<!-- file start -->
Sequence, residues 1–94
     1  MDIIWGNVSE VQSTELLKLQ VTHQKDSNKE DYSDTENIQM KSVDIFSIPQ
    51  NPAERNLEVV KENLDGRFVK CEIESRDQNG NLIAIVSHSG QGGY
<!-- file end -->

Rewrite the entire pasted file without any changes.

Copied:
Sequence, residues 1–94
     1  MDIIWGNVSE VQSTELLKLQ VTHQKDSNKE DYSDTENIQM KSVDIFSIPQ
    51  NPAERNLEVV KENLDGRFVK CEIESRDQNG NLIAIVSHSG QGGY